David Prosser: The Chancellor's mixed message for lenders to Britain's small businesses
Outlook The problem with robbing Peter to pay Paul, which is what this Autumn Statement is all about, is that Peter isn't likely to take it lying down. So it may prove with the difficult balance the Chancellor continues to try to strike with Britain's banks.
On the one hand, Mr Osborne seeks to address the complaints of small business about access to loans with an ambitious credit easing scheme: it will help banks raise cash on the wholesale markets more cheaply and thus to provide more affordable loans to SMEs. On the other, the Chancellor also has to address the shortfall he faces on his bank levy, so he's raising the rate at which it is charged.
The two measures exert quite different pulls on the big banks. Lending more, to whoever, raises the size of a bank's balance sheet. A bank's levy bill is calculated according to the size of the balance sheet, so a higher rate is an incentive to shrink it.
Which of those pulls will prove strongest? Well, each bank will take a different view, depending on their circumstances. But note that the trend at all our banks since the credit crisis has been to shrink the balance sheet, in the face of higher capital requirements imposed by regulators.
This is not to say that either credit easing or a higher bank levy is the wrong policy. The Chancellor's blueprint for the former is ingenious in that it leaves lending decisions in the hands of the banks, though the taxpayer will ultimately be on the hook for losses. On the latter, Mr Osborne had no choice but to raise the rate as the levy would otherwise have produced less revenue than expected.
Banks will remain cautious though. The Government will not unveil its formal response to the Vickers report on banking reform until next month. Nor does the City believe regulators will use their new counter-cyclical powers to relax capital requirements during an economic downturn, when more lending is required.
One final point on the bank levy. The Chancellor took the opportunity yesterday to yet again make his hostility to a financial transactions tax clear. He fears that introducing such a tax across Europe, as the European Commission wants, would drive banks into territories that do not introduce the levy.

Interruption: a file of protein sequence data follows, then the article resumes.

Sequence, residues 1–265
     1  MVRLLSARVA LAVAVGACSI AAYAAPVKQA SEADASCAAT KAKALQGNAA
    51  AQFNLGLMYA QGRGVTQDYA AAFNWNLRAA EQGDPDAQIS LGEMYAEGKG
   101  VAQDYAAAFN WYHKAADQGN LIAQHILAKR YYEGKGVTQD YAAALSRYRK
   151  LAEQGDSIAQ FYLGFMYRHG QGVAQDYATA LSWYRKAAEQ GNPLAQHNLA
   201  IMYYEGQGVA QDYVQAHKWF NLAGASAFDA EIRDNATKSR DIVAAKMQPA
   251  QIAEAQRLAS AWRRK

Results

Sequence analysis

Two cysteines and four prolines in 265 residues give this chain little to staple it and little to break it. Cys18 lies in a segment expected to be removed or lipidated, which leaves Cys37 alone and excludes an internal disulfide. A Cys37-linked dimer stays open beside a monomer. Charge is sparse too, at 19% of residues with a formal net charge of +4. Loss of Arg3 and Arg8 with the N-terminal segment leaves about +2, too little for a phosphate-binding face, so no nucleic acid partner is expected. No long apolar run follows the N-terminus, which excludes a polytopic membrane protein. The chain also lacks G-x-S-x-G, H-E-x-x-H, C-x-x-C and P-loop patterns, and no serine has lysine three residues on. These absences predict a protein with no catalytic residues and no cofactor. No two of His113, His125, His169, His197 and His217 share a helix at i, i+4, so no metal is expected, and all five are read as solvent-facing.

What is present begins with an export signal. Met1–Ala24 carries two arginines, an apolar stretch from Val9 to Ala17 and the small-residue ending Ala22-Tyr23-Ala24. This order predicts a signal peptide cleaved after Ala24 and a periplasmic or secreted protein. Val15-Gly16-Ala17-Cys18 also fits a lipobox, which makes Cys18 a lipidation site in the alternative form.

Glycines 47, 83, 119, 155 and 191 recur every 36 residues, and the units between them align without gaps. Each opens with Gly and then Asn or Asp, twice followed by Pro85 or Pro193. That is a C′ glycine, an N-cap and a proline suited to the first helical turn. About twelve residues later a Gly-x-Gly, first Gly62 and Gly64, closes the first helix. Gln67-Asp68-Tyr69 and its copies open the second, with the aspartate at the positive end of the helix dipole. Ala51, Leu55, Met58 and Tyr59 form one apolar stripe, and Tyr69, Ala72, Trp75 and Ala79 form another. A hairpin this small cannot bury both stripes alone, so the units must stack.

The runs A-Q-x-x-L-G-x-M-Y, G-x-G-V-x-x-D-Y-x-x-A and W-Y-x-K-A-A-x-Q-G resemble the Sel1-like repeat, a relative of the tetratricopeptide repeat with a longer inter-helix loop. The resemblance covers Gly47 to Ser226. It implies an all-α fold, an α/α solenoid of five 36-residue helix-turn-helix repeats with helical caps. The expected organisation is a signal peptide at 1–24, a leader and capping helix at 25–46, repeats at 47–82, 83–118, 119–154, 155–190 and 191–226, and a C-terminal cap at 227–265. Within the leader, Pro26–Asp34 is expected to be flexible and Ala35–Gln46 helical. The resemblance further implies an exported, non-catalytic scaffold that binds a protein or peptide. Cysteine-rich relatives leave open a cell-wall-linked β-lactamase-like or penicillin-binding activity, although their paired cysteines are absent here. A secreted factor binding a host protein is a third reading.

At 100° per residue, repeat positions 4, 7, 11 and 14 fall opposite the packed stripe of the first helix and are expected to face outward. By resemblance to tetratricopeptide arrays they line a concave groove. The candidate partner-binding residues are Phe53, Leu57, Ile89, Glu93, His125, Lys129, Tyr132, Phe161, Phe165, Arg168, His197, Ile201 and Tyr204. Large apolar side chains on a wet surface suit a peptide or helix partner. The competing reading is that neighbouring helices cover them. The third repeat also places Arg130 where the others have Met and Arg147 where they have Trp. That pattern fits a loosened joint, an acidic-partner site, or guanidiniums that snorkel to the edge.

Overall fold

How does that anxiety square with his plan to increase the bank levy, a tax that applies only in this country? On the Chancellor's own logic, Barclays, HSBC and the rest will be packing their bags as we speak.
Have shock jocks gone too far after Rush Limbaugh called Sandra Fluke a slut?
The ‘Beverly Hills’ of Surrey pays more income tax than big cities of the North
British business: We need to stay in the European Union - or risk losing up to £92bn a year
World news in pictures
British father faces charges after confessing to slitting his two children's throats in Lyon flat
- 1 The ‘Beverly Hills’ of Surrey pays more income tax than big cities of the North
- 2 Tottenham to smash pay scale with £150,000-a-week contract in attempt to tie Gareth Bale to club
- 3 'Revenge porn' is no longer a niche activity which victimises only celebrities - the law must intervene
- 4 The moral case on tax avoidance is overwhelming - and we all know Google wants to do the right thing
- 5 Sam Wallace: The second coming of Jose Mourinho at Chelsea will be a reunion that can only end in tears
BMF is the UK’s biggest and best loved outdoor fitness classes
Find out what The Independent's resident travel expert has to say about one of the most beautiful small cities in the world
Win anything from gadgets to five-star holidays on our competitions and offers page.
iJobs Money & Business
£500 per day: Orgtel: A top tier banking client urgently requires Finance Busi...
£425 - £550 per day: Orgtel: Senior Finance Project Manager - £550 - Bristol -...
£150 - £250 per day: Orgtel: KYC Analyst - London - Banking - £150-250/day C...
£500 per day: Orgtel: A top tier banking client urgently requires Finance Gove...